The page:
"FIG. 15 is a graphical representation of frequency responses of various haptic systems;
"FIG. 16 is a graphical depiction of acceleration of the simulator and the prototype built with an actuator;
"FIG. 17 is a graphical depiction of acceleration of the simulator and the prototype built with an actuator;
"FIG. 18 illustrates waveforms used in a user study of a suitable actuator;
"FIG. 19 is a screen shot of a graphical user interface (GUI) used to collect the data from each user;
"FIG. 20 is graphical representation of rank ordering of design options;
"FIG. 21 is a graphical representation of strength of preferences, which provides system rating compared to user's average rating;
"FIG. 22 is perspective view of the haptic actuator;
"FIG. 23 is top view of the haptic actuator shown in FIG. 22;
"FIG. 24 is a side view of the haptic actuator shown in FIG. 22;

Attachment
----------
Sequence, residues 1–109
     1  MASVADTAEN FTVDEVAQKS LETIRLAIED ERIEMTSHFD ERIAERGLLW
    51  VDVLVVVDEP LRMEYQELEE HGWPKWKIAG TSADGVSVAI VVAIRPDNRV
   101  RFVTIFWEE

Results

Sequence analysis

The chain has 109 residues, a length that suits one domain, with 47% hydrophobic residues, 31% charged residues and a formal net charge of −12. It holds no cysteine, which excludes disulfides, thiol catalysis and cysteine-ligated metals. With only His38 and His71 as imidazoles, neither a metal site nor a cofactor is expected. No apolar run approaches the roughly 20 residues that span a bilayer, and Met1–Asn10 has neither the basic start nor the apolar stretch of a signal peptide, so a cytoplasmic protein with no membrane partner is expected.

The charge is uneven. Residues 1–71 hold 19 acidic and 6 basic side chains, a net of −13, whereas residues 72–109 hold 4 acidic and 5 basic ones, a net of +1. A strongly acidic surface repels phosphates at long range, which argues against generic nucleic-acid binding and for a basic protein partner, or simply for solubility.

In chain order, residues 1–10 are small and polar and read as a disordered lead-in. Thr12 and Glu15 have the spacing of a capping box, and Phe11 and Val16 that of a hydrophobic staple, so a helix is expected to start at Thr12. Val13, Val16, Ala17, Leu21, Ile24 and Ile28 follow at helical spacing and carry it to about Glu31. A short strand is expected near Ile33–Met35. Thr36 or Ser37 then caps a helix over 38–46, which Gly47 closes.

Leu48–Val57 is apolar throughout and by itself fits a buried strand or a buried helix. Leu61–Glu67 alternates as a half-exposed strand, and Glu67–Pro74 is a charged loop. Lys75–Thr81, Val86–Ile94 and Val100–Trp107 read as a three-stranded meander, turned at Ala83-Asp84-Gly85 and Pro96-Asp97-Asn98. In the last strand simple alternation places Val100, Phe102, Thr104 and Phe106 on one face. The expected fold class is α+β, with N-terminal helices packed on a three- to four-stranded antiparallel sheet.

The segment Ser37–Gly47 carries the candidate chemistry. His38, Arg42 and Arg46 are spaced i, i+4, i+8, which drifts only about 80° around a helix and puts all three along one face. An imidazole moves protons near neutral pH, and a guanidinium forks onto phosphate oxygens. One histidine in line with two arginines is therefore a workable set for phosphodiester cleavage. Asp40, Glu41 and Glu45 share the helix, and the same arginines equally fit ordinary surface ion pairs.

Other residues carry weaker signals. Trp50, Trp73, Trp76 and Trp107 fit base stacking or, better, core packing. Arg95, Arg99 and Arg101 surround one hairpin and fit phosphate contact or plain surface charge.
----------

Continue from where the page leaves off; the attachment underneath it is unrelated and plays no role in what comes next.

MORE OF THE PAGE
"FIG. 25 is an exploded view of the haptic actuator shown in FIG. 22;
"FIG. 26 provides a comparison of various drive systems for a tablet computer;
"FIG. 27 is a diagram illustrating a suspended inertia drive system configuration for a tablet drive system;
"FIG. 28 illustrates s perspective view of one embodiment of a haptic feedback device for gesticular interfaces;
"FIG. 29 is top view of the haptic feedback device shown in FIG. 28;
"FIG. 30 is a side view of the haptic feedback device shown in FIG. 28; and
"FIG. 31 is another embodiment of a haptic feedback device that comprises of a full glove with smaller haptic actuator modules placed at the fingertips and haptic actuator modules placed on the palm."
For additional information on this patent application, see:
Keywords for this news article include: Patents.